Oct. 24 2012 10:45 AM

Our readers tell us what they think

carldemaiocitybeat
Carl DeMaio
Photo by David Rolland

Who is Carl DeMaio?

In response to "DeMaio's Phony New Persona" ["Editorial," Oct. 3]: I'm probably one of the few San Diegans who enjoy watching the City Council meetings from time to time on TV—whenever I come across this late-night local cable channel.

One night in May, I watched Carl DeMaio interact with two employees from the city's Purchasing Department regarding a proposed $2-million-in-savings annual vendor contract (supported by DeMaio) that ended up really only saving the city $200,000 during the past year. (I believe this was due to discount items being purchased along with the contract's approved non-discount items from the vendor, and hence, a failure of the original expected savings from the contract.) Anyway, DeMaio spoke to these two employees with a haughty, superior attitude; he outright belittled and denigrated them as if the contract's failure had been their fault.

Fast forward two or three days to a Bankers Hill community meeting where mayoral candidates DeMaio, Nathan Fletcher and Bob Filner presented. DeMaio's persona here was in stark contrast to his style at the City Council meeting. He sounded like the "Savior of San Diego." He presented facts and figures with such charisma and kindness that I thought I may have had a brain infarct over the previous two days when I had witnessed his pompous and obnoxious attitude toward staff during the City Council meeting. Who is this guy?

Another thing that worried me in DeMaio's presentation was his proposal to alienate the public's staff—i.e. wage freeze for many years and the replacement / supplementation of library, city administrative and construction staff with volunteers (of all things!). I know that people work in government because of enhanced benefits, especially pensions, but why bother when someone like DeMaio could be in charge—someone who will clearly be the boss from Hell?

DeMaio's principles remind me of the reasons my grandparents left the old country in the late 1890s: masses of poor people toiling to support the elite!

Vote Filner! He may be a bit of a curmudgeon, but at least he's consistent, and we know he holds the people's interest in his heart.

Donna Shanske, Bankers Hill


Two peas in a pod

Regarding your Oct. 3 editorial about Carl DeMaio: You've been around long enough to know that after the first round, politicians move to the center to spread a wider net of potential votes. It's the wise move. You may dislike DeMaio, but he is not stupid.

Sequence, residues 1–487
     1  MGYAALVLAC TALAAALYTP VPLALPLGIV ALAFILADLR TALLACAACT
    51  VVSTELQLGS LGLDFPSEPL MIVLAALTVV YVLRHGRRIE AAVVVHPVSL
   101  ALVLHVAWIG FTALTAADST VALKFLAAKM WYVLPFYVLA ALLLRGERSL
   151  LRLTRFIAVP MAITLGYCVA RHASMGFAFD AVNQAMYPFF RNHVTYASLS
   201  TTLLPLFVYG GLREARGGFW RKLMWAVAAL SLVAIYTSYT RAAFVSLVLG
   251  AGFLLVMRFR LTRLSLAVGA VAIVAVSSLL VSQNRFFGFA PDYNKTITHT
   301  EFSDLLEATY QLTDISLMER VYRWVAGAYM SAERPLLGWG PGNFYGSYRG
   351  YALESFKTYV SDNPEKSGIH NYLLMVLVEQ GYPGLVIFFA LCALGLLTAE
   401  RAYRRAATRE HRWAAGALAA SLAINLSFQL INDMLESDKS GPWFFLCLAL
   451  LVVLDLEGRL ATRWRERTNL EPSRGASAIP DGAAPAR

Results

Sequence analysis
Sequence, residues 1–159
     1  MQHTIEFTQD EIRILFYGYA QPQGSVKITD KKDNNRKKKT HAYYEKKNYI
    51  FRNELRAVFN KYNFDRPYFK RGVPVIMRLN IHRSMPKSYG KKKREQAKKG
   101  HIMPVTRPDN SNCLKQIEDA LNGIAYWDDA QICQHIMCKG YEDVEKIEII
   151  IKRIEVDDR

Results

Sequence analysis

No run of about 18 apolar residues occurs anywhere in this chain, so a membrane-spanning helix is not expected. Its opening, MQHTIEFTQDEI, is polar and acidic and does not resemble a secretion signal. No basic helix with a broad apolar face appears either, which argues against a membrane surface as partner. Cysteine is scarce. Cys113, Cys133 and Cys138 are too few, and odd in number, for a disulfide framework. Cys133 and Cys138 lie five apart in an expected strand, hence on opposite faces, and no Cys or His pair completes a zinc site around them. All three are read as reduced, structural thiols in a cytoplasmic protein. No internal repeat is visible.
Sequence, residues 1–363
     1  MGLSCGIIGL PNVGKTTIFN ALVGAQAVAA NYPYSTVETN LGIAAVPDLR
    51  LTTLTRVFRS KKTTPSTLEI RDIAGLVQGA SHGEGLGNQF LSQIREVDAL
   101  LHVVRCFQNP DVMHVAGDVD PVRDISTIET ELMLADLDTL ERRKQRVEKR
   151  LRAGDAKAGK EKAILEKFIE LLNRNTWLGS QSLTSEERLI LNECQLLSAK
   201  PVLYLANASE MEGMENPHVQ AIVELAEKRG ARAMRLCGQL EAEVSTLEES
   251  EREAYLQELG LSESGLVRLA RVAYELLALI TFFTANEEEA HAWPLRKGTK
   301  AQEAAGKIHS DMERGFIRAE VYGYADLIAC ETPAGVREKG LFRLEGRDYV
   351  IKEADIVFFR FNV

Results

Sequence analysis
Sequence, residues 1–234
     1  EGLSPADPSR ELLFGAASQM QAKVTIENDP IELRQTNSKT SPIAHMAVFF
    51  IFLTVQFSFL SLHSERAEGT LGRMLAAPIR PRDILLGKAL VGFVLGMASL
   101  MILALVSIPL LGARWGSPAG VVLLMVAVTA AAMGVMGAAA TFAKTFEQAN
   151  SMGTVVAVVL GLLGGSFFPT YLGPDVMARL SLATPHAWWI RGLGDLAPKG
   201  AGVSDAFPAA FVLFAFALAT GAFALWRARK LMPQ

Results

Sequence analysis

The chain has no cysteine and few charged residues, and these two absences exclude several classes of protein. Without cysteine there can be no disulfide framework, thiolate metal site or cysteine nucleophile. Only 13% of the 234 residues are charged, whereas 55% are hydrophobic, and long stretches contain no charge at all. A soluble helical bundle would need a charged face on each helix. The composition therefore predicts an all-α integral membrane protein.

Also, the traits you assign to him— combative, hostile, difficult, vindictive, etc.—can also apply to Bob Filner. Poor San Diego.

Jan Bourgeois, East Village


‘Like' the L.A. Times

I'm writing in response to Ron Harris' letter in the Oct. 3 issue. I think there are many, many folks who would like to see the Los Angeles Times "establish a local presence in San Diego County," and I second his idea that CityBeat conduct a poll.

Mr. Harris and your readers might like to know that there is a page dedicated to this idea on Facebook. Search for "Bring the L.A. Times back to San Diego" and click "Like"!

Marty Rowe, North Park


What do you think? Write to editor@sdcitybeat.com

Calendar

  • Visit one of the 70 participating restaurants, bars, coffeehouses and nightclubs in town on this night and 25 to 50 percent of sales will go to local HIV/AIDS services and prevention programs. 
  • Anthony Bernal and Chris Ward, who are vying to replace Todd Gloria on the San Diego City Council, will discuss urban issues, such as parking, homelessness and new developments
  • The new exhibition designed by Dave Ghilarducci is made from hundreds of rolls of packing tape and bound together by layers of plastic shrink-wrap. Visitors can navigate their way through cocoon-like passageways...
  • The renowned Mexican black and white photographer presents an exhibition exploring the principal themes within three groups: "Bestiarium"," Fantastic Women" and "Silent Natures."
  • Presented by Pacific Arts Movement, the sixth annual mini film fest features 14 film programs from 10 countries that includes everything from docs to romantic tearjerkers. See website for full lineup and...
  • The San Diego County Bike Coalition hosts this monthly bike-in happy hour event to get biking residents involved in their communities and discuss bike projects planned for that specific community
  • Debunk some of the stereotypes surrounding cannibalism at this new exhibition that takes a hands-on approach to the subject. Includes video games and interactive activities where patrons will have to decide...
  • So Say We All's monthly storytelling night features stories about those jobs we took because we had to take a job. Featured readers include Allison Gauss, Annmarie Houghtailing, Cecile Estelle, and more
  • Artists from the all-abstracts group show will talk about their work and techniques. Artists include Edwin Nutting, Danielle Nelisse, Leah Pantea, Lenore Simon, and more
See all events on Thursday, Apr 28